A Guide to Selecting Activities for Nature Journaling

Leader Guide

Applying Session to Instruction

Journaling Prompts

Background Information for Presenters

Field Journaling with Students handout

References

BEETLES also has readings on equity, inclusion and cultural relevance.

Racial Equity in Outdoor Science and Environmental Education: Re-Establishing the Field With Intention" by Jedda Foreman, Rena Payan, Laura Rodriguez, and Craig Strang

The article opens with this quote from Sonya Renee Taylor

“We will not go back to normal. Normal never was. Our pre-corona existence was not normal other than we normalized greed, inequity, exhaustion, depletion, extraction, disconnection, confusion, rage, hoarding, hate, and lack. We should not long to return, my friends. We are being given the opportunity to stitch a new garment. One that fits all of humanity and nature.”

The authors present seven ideas for white-led organisations '"...to transform in a way  that is is rooted in racial equity and has justice embedded at every inflection point" In summary these are: 

Talk about racism - "We have a responsibility to read, discuss, and to educate ourselves and each other about the harm embedded in our history"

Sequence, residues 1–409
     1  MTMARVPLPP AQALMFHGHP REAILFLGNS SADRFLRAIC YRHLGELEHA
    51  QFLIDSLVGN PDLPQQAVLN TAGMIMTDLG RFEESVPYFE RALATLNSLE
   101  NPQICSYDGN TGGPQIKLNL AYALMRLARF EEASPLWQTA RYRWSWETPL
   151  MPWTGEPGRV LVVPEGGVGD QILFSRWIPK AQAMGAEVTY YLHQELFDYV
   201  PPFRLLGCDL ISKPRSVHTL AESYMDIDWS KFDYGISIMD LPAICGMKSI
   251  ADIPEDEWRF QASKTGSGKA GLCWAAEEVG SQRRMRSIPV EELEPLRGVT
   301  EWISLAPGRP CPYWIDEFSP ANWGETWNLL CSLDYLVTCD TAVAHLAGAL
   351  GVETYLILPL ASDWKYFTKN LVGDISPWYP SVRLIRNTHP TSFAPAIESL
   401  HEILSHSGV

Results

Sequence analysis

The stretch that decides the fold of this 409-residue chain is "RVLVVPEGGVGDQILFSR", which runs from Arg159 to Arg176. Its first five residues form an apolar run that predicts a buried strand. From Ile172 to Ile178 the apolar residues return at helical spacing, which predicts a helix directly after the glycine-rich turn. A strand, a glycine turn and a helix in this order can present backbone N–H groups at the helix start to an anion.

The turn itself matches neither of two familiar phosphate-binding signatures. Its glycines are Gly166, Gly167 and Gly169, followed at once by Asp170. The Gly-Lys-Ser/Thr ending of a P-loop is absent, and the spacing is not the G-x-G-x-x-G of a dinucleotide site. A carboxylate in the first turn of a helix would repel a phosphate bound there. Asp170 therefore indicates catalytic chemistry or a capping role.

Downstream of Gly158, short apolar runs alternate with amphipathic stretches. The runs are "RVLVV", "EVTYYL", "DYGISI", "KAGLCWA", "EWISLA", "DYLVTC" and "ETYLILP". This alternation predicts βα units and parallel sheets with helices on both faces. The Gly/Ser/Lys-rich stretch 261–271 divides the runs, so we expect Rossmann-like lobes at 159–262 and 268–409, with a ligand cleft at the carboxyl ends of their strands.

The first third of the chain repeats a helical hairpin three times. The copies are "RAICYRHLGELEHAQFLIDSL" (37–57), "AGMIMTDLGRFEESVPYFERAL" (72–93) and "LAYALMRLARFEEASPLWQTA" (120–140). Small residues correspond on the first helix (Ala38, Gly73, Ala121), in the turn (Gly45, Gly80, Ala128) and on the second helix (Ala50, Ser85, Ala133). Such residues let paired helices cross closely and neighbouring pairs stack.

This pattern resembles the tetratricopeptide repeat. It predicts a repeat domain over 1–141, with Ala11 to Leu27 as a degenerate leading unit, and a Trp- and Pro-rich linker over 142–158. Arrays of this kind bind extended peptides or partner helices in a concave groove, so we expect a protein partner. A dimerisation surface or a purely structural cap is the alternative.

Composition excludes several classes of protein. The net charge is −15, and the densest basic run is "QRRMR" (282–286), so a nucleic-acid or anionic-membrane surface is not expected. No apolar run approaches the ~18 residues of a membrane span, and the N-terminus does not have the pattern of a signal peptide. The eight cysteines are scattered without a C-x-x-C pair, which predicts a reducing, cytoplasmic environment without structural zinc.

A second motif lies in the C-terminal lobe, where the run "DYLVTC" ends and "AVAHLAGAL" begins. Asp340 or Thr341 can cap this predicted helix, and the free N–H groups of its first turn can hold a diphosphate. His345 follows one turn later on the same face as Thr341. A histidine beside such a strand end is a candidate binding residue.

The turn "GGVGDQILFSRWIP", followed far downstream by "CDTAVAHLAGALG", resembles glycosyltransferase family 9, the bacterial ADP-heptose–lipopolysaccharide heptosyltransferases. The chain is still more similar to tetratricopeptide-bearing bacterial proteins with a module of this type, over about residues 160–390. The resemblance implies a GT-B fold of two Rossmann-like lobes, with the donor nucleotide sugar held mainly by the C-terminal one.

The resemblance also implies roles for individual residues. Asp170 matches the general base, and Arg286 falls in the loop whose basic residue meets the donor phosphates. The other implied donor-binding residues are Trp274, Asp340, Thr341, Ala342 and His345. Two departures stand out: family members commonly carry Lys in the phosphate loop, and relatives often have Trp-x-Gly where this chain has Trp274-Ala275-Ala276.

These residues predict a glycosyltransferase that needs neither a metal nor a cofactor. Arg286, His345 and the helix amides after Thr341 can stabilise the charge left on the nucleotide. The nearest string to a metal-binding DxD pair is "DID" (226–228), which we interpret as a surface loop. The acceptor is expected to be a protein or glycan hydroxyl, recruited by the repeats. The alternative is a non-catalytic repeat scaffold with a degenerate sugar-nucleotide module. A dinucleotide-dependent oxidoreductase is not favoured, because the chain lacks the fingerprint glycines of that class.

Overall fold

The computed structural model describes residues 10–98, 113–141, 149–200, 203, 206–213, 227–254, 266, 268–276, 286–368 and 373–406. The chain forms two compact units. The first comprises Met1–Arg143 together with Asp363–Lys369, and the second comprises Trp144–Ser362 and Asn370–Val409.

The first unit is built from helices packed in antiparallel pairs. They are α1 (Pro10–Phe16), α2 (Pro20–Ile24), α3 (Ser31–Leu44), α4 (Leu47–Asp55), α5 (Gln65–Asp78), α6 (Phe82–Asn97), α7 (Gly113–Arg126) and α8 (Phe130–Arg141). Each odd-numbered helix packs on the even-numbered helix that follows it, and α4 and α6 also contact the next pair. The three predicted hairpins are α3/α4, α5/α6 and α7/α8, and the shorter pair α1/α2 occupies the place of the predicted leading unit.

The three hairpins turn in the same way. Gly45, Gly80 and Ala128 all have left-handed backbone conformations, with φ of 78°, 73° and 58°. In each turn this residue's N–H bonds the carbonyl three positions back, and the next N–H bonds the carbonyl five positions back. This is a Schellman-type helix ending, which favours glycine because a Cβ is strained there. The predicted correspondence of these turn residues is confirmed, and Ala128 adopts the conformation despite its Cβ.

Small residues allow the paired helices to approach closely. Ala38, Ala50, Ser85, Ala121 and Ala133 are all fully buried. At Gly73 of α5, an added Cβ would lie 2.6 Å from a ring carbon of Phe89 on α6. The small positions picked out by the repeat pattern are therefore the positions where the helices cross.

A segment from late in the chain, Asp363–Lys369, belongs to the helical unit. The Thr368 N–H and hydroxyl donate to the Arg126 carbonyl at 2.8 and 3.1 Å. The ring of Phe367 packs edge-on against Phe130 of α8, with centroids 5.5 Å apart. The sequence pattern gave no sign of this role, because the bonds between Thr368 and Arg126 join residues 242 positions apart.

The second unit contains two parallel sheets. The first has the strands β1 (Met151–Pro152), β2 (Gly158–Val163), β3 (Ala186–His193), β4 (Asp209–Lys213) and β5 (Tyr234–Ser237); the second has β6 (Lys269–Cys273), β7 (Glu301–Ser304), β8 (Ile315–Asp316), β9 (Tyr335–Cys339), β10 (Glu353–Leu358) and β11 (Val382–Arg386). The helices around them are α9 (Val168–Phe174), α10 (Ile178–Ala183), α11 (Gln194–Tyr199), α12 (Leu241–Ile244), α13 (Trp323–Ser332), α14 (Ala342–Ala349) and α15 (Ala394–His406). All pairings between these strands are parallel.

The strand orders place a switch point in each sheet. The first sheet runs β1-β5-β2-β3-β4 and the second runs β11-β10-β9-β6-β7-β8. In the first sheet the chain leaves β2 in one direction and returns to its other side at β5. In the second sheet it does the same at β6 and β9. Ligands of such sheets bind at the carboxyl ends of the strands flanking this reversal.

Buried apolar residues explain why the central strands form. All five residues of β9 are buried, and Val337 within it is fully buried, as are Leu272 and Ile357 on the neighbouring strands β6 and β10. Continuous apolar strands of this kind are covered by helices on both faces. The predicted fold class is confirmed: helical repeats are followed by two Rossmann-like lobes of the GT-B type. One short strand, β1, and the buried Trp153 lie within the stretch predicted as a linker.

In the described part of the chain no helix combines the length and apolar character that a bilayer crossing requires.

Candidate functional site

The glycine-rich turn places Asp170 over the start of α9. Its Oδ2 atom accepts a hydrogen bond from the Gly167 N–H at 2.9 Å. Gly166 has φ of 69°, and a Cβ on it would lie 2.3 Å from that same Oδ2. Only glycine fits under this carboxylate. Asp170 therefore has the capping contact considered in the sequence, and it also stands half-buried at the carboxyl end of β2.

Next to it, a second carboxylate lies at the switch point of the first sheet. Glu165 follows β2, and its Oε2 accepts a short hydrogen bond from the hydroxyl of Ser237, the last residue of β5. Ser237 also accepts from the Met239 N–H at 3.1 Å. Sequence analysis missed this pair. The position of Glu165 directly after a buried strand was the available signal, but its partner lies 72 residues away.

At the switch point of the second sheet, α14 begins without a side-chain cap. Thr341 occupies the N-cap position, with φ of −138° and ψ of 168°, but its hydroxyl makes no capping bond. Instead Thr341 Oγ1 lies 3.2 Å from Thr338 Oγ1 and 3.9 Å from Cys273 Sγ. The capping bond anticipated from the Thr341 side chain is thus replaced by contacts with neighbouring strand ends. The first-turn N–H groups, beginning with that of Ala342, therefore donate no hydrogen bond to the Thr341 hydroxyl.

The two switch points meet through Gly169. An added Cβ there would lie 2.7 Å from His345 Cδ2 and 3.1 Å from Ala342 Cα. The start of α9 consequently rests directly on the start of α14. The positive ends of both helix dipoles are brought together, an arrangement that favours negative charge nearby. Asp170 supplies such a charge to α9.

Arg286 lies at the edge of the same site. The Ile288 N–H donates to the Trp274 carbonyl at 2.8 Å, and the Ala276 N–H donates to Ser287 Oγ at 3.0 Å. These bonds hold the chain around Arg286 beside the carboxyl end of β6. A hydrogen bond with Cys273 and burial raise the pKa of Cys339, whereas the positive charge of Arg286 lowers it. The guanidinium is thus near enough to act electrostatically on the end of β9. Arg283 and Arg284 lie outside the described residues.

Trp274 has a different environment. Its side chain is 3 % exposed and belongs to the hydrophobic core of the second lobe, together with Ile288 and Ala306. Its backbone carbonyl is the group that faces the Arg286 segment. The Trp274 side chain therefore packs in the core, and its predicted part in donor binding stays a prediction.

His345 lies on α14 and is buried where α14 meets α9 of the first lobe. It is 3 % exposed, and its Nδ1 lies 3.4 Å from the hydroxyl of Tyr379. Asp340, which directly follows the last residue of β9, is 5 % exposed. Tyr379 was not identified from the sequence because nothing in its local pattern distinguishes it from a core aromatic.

Rebuild partnerships "Establish authentic and mutually beneficial relationships with a broad range of environment-rich organizations across sectors including environmental justice, youth development, health and wellness, food justice, nutrition, transportation, clean water, clean air, and more."

Redefine the field

Rethink goals, priorities and measures of "success"

Redesign hiring practices

Reimagine the workplace

Reinvigorate professional learning

"Partnering to Develop Equitable, Inclusive, and Culturally Relevant Student Activities" by Emilie Lygren and Jedda Foreman

Their recommended readings are on a Listly board here

 

 

All of the these resources include activities and ideas that can be used:

in teaching others,

as nature journal club activities,

and for developing your own practice.